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Gerald Lushington Technical Writing / Proofreading Services

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A common sense look at numbers!

Posted by LushingtonTechWriter on April 4, 2013 at 5:20 PM

Everyone, including bloggers, texters, poets, scribblers, teachers and especially technical writers is regularly forced to deal (perhaps haphazardly) with the most common source of writing uncertainty:  numbers.  What do you do if you have 11 14-year-olds coming to your house?  Panic?

Well, according to these flexible, sensible recommendations by Michael at DailyWritingTips.com, you (and anyone you're writing to) will feel much better if you express this as "eleven 14-year-olds", given the imminently sensible recommendation that if you have to write two distinct numbers back-to-back, it is easier to read if you express one of them in numeral form (i.e., "14") and the other ("eleven") as an explicit word.  Beyond avoiding possible formating issues that might convey the mistaken impression that you're entertaining Methusaleh's grandparents (perhaps for their 1114th birthday celebrations) it is just simply easier to read. So which one should you write out explicitly?  It may not matter much from the perspective of readability, but the best answer is to save keystrokes and render as numerals the number that would take longer to type (i.e., 14).

Another rule that I'd never really thought of before, but also seems perfectly natural, is that if you are estimating a big number (e.g., "the United States has around 300 million people"), then you write out the number in word form, but if you feel confident that you know the exact number, then render it in all its numeric glory: 315,614,267! [US Population clock as of end of day, April 4, 2013]  The estimation shortcut is especially useful for your 14-year-old guests, who might otherwise have trouble explaining the zillions and jillions of homework problems that the don't feel like working on.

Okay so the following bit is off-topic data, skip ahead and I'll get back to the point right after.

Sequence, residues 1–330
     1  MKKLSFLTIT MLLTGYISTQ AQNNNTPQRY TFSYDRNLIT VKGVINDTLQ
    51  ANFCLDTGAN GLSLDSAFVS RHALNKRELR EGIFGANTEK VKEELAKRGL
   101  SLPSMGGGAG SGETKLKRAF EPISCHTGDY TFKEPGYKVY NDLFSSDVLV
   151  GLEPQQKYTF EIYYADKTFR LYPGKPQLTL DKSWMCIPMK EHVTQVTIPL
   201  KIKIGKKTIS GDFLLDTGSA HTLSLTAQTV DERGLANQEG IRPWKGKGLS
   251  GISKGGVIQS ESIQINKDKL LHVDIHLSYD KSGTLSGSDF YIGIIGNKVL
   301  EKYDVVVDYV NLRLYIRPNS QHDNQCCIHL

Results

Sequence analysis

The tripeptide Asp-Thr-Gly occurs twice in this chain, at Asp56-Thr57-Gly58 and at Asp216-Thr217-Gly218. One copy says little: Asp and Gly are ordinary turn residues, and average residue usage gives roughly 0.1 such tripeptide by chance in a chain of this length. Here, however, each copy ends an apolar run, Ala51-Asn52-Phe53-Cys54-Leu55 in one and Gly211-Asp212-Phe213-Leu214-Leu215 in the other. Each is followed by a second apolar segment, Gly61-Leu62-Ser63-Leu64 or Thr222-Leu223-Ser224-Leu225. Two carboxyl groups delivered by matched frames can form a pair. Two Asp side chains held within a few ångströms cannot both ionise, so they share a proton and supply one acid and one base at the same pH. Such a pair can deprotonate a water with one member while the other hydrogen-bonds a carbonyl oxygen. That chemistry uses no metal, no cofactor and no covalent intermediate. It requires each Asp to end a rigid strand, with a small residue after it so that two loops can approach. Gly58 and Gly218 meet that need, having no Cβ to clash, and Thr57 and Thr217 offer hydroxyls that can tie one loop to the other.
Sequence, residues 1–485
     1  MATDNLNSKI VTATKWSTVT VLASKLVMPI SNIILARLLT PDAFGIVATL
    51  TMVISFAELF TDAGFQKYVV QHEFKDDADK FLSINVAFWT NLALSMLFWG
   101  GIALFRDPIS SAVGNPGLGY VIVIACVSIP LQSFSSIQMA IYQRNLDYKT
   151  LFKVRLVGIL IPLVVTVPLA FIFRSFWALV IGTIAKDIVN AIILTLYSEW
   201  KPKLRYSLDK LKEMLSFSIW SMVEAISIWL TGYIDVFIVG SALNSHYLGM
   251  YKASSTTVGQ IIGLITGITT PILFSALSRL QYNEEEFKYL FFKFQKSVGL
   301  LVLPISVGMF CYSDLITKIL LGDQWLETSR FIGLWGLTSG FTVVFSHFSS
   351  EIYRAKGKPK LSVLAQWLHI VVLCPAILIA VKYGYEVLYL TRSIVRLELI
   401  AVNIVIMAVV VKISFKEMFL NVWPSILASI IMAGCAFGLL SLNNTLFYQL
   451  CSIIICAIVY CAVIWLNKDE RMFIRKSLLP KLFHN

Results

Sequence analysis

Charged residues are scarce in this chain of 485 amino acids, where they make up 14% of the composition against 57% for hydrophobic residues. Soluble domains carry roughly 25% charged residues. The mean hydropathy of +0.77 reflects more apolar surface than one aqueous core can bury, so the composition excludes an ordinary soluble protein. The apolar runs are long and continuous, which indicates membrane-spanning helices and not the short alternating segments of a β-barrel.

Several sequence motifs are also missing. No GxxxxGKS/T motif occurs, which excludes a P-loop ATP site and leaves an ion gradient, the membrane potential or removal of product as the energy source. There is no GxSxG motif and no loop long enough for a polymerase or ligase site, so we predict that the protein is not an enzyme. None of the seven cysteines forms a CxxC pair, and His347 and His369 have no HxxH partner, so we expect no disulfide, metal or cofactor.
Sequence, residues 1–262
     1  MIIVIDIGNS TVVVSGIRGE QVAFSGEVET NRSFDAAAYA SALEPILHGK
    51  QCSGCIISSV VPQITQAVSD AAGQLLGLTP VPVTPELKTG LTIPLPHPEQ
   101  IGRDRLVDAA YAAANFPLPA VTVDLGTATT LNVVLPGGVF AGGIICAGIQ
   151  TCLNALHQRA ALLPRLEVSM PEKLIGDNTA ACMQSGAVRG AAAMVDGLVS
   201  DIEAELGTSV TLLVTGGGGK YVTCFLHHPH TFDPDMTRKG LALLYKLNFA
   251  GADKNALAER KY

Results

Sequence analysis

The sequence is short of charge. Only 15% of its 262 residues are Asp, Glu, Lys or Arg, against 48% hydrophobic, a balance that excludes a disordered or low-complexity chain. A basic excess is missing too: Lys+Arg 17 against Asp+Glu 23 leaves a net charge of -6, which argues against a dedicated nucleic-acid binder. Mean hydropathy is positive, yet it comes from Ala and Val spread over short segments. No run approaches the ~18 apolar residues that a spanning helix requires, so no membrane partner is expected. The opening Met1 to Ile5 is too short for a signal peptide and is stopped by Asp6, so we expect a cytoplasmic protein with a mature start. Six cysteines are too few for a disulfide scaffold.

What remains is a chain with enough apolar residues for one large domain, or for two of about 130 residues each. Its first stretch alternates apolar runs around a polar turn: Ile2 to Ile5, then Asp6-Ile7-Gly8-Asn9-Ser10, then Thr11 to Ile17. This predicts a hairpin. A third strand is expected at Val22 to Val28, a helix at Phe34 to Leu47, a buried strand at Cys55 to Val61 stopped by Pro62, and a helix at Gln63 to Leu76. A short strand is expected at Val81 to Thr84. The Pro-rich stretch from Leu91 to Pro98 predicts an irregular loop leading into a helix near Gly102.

Where confusion persists, the article acknowledges it:  Americans and Europeans are still at loggerheads regarding the use of commas and periods to differentiate larger numbers and decimals (one group keeps doing it backwards; I won't say which).  And there is no rigid commandment that dictates "Thou shalt inscribe ten as ten, and 12 as 12!"  If you're writing for a discipline (or organization) that wants to make up a rule, then follow it, but otherwise the only truly sensible expectation is that you should be set standards within a document and be consistent.  So, if your teenaged guests bring along a bunch of younger siblings (gee, thanks...) then it's no problem to complain about the ten 8-year-olds.

Anyway, there are a bunch of other good recommendations on there, so do take a look!  Oh, and by my calculations, I think you're going to need about 20 twelve inch pizzas.  Or a jillion.

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